Always felt Bobby not being able to score at Anfirld this season was a psychological thing. During the Southampton game you could literally see him stop trying to score; he decided he’d just be the provider instead and he was happy with his role during that game. But then in the West Ham and Bournemouth games he went back to being too concerned about it and missed a bunch of sitters. I’m devastated for him that, after all the amazing things he did for us on the road this year, when he finally scored at Anfield we lost. We needed him to break the hoodoo sooner.

https://www.football365.com/news/is-mindfulness-the-secret-to-a-better-player-performance

So anyway, maybe mindfulness training could work not just for Bobby but for all the front 3.
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Re: Roberto Firmino
« Reply #10933 on: March 14, 2020, 06:59:01 AM »
I look at it as 0.

Zero, Naught, Nada, Zilch---the number of times we've lost at Anfield with Bobby in the team this season.

How much more can one expect... :lmao


One could have a different "Striker" or "Centre forward" in the team and there are no guarantees that we would have still remained unbeaten at home. In fact, it is more likely we would have dropped points.

Is the right answer. A player that puts the team ahead of himself and despite our phenomenal home record(and away record I may add) over the past 2 seasons, some still question his output. Like Gini, he is one essential piece of a complete puzzle. Other players mooted who may score more goals may rock the applecart to the detriment of the team’s performance and result.

Offline Lee-87

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Re: Roberto Firmino
« Reply #10934 on: March 17, 2020, 08:39:13 AM »
Great little article about his past just appeared on BBC. Go on, what else have you got to do to pass this time without footie?

https://www.bbc.co.uk/sport/football/51815586


Roberto Firmino: Liverpool forward's journey from humble origins to starring Anfield role

By Gary Meenaghan

BBC Sport in Brazil

    32 minutes ago From the section Liverpool

Firmino's childhood home (on the right, painted white) is now a hotdog store. The Estadio Rei Pele can be seen in the distance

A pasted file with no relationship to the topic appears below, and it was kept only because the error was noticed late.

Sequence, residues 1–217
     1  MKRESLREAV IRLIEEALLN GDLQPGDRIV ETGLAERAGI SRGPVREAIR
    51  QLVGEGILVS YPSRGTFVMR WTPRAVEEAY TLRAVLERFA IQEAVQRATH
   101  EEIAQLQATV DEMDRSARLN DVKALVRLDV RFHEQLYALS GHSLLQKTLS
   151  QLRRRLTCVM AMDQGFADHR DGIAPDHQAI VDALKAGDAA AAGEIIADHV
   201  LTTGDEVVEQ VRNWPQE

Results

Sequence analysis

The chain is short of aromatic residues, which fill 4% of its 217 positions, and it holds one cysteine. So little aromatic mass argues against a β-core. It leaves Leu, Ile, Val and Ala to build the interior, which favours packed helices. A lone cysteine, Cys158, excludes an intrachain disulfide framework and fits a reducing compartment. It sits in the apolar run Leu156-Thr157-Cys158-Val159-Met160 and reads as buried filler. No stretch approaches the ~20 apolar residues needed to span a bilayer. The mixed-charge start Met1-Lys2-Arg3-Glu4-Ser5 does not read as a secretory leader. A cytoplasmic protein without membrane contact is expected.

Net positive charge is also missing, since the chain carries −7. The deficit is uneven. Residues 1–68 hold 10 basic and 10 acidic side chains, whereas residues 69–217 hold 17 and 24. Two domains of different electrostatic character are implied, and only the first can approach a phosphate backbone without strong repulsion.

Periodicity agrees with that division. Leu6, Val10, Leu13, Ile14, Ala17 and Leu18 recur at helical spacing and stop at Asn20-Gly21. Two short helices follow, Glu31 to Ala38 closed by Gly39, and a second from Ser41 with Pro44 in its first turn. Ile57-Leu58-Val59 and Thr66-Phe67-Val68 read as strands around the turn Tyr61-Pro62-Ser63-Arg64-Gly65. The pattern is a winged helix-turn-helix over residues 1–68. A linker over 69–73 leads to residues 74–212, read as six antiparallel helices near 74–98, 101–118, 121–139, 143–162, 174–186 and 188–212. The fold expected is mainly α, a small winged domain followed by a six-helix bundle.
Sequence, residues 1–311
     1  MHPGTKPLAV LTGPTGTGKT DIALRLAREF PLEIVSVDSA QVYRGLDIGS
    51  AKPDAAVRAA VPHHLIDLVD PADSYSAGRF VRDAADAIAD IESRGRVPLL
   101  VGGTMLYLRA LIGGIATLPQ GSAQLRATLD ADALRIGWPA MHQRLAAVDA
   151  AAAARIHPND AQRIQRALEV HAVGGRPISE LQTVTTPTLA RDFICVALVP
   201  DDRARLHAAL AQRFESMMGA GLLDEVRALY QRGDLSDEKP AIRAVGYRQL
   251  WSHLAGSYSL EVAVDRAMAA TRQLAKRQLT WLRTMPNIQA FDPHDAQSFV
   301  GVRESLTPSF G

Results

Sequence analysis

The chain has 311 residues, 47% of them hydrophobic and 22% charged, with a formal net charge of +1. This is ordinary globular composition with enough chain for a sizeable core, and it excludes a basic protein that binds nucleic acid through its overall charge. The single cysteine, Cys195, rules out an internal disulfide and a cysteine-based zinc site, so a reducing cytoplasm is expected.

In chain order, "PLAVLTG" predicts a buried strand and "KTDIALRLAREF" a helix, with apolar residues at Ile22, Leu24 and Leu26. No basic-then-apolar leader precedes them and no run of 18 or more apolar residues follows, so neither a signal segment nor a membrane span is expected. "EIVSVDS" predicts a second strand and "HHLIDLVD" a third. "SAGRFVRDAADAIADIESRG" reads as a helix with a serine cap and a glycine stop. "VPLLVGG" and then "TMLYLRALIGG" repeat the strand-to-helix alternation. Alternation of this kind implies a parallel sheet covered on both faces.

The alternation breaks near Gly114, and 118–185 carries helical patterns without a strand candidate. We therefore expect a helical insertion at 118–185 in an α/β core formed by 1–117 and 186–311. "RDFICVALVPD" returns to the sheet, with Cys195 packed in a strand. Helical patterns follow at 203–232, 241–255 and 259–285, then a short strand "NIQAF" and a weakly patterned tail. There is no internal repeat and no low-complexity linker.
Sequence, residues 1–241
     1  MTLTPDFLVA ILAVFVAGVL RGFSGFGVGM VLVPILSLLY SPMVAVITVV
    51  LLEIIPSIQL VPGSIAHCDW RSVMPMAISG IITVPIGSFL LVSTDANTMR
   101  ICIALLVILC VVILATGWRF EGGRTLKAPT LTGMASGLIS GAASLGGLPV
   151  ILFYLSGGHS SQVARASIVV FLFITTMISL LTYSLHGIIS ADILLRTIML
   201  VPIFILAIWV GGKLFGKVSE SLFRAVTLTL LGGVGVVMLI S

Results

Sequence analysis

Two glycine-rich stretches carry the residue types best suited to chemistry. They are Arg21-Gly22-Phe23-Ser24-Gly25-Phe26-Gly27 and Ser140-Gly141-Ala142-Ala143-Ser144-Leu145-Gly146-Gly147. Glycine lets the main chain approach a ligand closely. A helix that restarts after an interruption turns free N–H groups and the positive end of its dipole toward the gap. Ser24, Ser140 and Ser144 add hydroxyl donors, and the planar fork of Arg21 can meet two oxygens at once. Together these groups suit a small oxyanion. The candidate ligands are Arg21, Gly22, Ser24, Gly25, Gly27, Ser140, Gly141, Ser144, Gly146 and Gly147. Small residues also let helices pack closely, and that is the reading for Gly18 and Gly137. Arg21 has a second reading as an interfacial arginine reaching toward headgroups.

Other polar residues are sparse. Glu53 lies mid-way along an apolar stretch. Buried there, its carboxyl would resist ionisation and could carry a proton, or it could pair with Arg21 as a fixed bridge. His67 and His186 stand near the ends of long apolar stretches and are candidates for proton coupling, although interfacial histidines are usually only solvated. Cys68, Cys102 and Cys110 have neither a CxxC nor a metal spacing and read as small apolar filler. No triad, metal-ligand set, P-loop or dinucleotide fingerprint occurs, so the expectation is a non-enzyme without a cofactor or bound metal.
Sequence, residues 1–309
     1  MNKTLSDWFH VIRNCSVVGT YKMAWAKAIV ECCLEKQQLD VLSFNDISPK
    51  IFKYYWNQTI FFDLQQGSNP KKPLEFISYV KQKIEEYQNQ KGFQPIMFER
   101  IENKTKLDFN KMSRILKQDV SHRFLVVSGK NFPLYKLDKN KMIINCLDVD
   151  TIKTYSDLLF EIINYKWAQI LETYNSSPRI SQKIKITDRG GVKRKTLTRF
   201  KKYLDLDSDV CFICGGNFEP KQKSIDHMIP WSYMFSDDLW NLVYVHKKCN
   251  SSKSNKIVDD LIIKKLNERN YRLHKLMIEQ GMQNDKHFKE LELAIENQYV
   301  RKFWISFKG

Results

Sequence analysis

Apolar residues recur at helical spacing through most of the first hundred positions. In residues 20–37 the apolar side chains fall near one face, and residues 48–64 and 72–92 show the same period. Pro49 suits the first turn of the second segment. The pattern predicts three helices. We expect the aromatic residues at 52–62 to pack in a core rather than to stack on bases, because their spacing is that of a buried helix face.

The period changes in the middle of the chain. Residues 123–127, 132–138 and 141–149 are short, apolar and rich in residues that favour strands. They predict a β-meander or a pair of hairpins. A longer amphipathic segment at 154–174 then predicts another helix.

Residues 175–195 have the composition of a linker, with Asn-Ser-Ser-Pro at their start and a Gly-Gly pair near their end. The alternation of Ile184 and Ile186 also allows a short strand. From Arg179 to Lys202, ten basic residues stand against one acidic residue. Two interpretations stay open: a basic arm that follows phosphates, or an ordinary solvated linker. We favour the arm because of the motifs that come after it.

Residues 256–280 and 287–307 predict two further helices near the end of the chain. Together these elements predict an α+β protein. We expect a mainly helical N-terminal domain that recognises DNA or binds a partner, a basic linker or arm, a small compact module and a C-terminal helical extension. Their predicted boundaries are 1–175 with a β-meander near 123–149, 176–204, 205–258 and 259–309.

With giant palm trees stooping towards turquoise water, high-rise hotels glimmering in the sun, and opulent beachside restaurants selling lobster and expensive liqueurs, it's easy to see why Maceio, the capital of Alagoas state, is known as Brazil's Caribbean.

Yet like most cities in the country's underdeveloped north east, this picture postcard scene tells only part of the story, the superficial face of a metropolis reliant on tourism. Venture a few blocks inland and a different Maceio gradually comes into view; the place regularly listed among Brazil's most violent.

It is here, among the carpets of litter, filthy waterways and shanty housing, that a timid young boy with an ever-present smile started his journey from the streets to the Selecao, from Alagoas to Anfield.

Roberto Firmino Barbosa de Oliveira was born on 2 October 1991 in Trapiche da Barra, a poor neighbourhood squeezed between a polluted lake and a poverty-stricken favela. Inside his simple childhood home, he would drift off to the cacophony emanating from the nearby 20,000-capacity Estadio Rei Pele. It's little wonder football was never far from his mind.

That home in Trapiche has recently been refurbished and converted into a hotdog store, but the Firmino family's original rear wall remains. Its rusty metal anti-climb spikes are still there as well, still trusted to keep thieves out. They used to serve a second purpose too - keeping a determined young boy in.


Childhood friend Bruno Barbosa dos Santos would play football against Firmino on his PlayStation 2. Firmino (pictured), who usually played as Corinthians, always won.

"It has always been violent here and Roberto's mother was very protective of him," says Bruno Barbosa dos Santos, a childhood friend of Firmino. "He was football mad, but it was difficult for him to be let out, so he would jump over the wall to come play with us in the street. One time he fell and had to get stitches in his knee. He still has the scar."

Other friends recall how they would throw stones on to Firmino's roof to tempt him out for a game, or how the coach at his first club Flamenguinho would set up a stepladder to make it easier for his star player to sneak away. Even when playing with children six years older, Firmino was a level above.

"Roberto's mother worried that because of the neighbourhood he could become a bandit, but he never thought about that kind of thing," says another old friend, Dedeu, who still lives in Trapiche.